The latest items to get a plastic fantastic makeover are antibodies – proteins produced by the body’s immune system to recognize and fight infections from foreign substances. Scientists are reporting the first evidence that a plastic antibody works in the bloodstream of a living animal, opening up the possibility of plastic antibodies being custom tailored to fight everything from viruses and bacteria to the proteins that cause allergic reactions.
Using synthetic polymer nanoparticles (plastic antibodies) to capture a peptide toxin in the bloodstream of mice, the scientists were able to demonstrate that these artificial proteins can recognize, capture and neutralize peptide toxins in a living test subject without being inactivated by plasma proteins and/or blood cells.
The synthetic polymer nanoparticles are also known as molecularly imprinted polymeric (MIP) nanoparticles because they are made using an approach called molecular printing – a process similar to leaving a footprint in wet concrete. The scientists mixed melittin – the main toxin in bee venom – with small molecules called monomers, and then started a chemical reaction that links those building blocks into long chains, and makes them solidify. When the plastic dots hardened, the researchers leached the poison out. That left the nanoparticles with tiny toxin-shaped craters.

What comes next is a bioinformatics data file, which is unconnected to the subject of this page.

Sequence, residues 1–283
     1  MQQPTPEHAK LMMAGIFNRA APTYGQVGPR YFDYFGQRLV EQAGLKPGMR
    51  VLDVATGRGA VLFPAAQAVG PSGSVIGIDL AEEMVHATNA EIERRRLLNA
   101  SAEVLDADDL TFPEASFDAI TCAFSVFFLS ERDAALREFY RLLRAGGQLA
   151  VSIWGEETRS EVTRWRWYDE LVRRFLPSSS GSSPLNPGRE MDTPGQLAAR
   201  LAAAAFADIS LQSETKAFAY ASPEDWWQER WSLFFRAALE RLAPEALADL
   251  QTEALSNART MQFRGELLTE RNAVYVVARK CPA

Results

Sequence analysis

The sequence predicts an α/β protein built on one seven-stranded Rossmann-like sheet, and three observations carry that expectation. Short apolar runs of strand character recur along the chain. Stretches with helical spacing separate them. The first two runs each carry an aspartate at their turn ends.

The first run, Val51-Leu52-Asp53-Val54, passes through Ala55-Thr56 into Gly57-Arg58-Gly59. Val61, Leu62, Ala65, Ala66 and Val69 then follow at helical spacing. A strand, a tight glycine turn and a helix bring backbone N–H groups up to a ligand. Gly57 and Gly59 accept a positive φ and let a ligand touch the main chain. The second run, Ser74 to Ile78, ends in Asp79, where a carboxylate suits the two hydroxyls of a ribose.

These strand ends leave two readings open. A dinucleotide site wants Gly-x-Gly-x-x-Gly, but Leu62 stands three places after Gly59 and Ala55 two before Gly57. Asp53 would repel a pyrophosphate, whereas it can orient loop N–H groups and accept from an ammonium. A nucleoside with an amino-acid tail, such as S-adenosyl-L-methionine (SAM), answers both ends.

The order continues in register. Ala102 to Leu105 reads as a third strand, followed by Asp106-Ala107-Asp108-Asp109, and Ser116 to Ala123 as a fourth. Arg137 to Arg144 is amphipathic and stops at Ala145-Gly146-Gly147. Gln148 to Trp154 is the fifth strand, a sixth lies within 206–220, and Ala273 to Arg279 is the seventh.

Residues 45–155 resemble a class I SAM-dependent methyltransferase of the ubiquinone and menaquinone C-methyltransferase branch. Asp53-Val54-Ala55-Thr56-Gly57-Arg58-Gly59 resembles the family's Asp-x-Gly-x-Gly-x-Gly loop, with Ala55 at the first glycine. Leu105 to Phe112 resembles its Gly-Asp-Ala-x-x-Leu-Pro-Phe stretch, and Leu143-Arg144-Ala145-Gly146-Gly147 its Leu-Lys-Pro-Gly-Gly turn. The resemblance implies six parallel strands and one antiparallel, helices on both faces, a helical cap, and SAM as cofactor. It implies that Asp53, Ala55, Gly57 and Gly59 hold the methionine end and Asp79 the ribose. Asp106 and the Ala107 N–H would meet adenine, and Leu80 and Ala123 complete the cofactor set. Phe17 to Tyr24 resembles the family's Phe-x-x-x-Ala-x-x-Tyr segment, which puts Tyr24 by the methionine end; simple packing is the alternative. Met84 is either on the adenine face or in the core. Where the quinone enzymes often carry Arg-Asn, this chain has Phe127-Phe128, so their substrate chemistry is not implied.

Chemists Kenneth J. Shea and Yu Hoshino of the University of California, Irvine, (UCI), working with the group of Naoto Oku at the University of Shizuoka, in Japan, injected a lethal dose of melittin into mice. Animals that then immediately received an injection of the melittin-targeting MIP nanoparticles showed a significantly higher survival rate than those that did not receive the nanoparticles.